Friend of the Court – and Community

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Gathered in a tiny classroom, a handful of pre-law students decided to change the Saint Louis Community for the better. The group they formed, Amicus Curiae, is SLU’s new pre-law society on campus. Founded on a mission to educate and prepare members for a career of serving others, Amicus Curiae hopes to teach members in a way that a classroom can’t.

Their first president, Shreya Walia, stated, “This means that we help them learn what it means to give back to the community and try to foster an intrinsic desire to care.” Amicus Curiae wants justice within the St. Louis community and beyond. Their commitment to care will hopefully create a community where passions are shared and conversations produced.

A double major in English Literature and Legal Studies, Walia said that most literary works aim to reflect, re-examine, or reinvent society. By using the social ideas she discovers within literature, Walia hopes to incorporate these ideas into written law. In doing so, Walia plans to change the things she does not like about the world she lives in.

When asked about the group’s biggest struggle Walia replied, “We all have a lot of ideas, but our greatest struggle has been taking action to turn these ideas into reality.” Despite busy schedules and the difficulty of starting a new group, Amicus Curiae is determined to create a passionate pre-law community. Their commitment to social justice and change has led the group to perform service, host speakers from Law Schools, provide workshops, and hold an upcoming trivia night.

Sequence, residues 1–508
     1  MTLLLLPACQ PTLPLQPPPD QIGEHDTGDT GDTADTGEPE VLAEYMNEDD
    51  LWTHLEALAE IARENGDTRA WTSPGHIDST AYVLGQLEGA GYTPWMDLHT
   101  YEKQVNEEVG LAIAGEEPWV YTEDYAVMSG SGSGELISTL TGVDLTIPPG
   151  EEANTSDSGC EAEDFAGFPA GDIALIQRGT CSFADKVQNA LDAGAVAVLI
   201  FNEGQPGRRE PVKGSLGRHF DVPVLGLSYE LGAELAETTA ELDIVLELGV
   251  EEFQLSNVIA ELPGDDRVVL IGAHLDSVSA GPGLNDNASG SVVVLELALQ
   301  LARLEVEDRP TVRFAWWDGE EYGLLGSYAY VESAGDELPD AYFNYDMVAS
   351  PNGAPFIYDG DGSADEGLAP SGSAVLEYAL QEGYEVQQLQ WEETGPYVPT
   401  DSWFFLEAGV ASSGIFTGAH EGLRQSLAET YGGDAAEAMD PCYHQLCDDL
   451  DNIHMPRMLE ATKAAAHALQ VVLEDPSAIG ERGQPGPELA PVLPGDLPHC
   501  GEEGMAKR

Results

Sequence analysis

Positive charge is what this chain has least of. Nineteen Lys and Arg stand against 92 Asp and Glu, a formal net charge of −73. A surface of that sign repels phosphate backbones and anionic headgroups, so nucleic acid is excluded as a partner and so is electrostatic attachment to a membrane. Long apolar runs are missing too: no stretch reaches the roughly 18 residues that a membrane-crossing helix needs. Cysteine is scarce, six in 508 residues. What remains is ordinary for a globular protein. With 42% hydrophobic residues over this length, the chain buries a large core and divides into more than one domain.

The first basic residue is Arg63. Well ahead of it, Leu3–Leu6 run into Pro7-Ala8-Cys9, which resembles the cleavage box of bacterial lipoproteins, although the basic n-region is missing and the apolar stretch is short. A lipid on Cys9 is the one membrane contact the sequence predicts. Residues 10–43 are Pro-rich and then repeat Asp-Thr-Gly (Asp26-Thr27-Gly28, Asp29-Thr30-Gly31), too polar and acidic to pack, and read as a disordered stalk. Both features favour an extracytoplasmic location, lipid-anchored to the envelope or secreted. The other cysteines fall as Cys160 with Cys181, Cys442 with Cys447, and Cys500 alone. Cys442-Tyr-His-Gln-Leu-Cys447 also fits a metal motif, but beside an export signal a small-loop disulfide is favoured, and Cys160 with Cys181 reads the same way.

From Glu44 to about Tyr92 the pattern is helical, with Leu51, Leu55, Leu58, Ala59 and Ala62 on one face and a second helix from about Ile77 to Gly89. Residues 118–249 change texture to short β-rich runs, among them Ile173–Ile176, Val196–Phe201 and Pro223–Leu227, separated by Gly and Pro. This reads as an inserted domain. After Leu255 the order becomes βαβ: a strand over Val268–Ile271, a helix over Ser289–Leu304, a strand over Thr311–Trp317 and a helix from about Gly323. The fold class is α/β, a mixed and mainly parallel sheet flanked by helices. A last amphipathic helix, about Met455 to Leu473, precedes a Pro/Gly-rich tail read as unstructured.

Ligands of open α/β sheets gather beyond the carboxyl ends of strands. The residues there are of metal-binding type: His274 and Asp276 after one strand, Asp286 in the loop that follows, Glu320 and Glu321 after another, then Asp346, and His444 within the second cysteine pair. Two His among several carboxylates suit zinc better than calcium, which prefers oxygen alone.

To develop a spirited community, the society will work with its members to fully understand what they hope to gain from Amicus Curiae. Walia commented on how lost she felt when she first became a pre-law student. The goal of the organization is to ensure that no student ever feels this way. Walia stated, “At the end of the day, this society was created for the students, by the students.”

To guide students on their pre-law journey, Amicus Curiae provides speakers, resume/interview workshops, mentoring, and community service opportunities. Currently the new society has 40 members along with six executive board members.  Members of the society have a desire to better their community. For example, with the crisis in Ferguson, Mo., Amicus Curiae decided to host a legal discussion to shed some light on the situation.

The society is open to anyone with one exception: members must be truly dedicated to learning, bettering themselves, and actively taking part in the community. However, the society is not all seriousness. They host movie nights, and are planning an upcoming formal with a “Top Ten Legal Movies,” theme. In addition to improving the community, Amicus Curiae aims to bring its members closer together by forming strong bonds.

Walia is involved with SLU’s Mock Trial team in addition to being the president of Amicus Curiae. She said, “Being in charge of two pre-law oriented clubs gives me the unique ability to connect the groups and help with the formation of a true pre-law community at SLU.”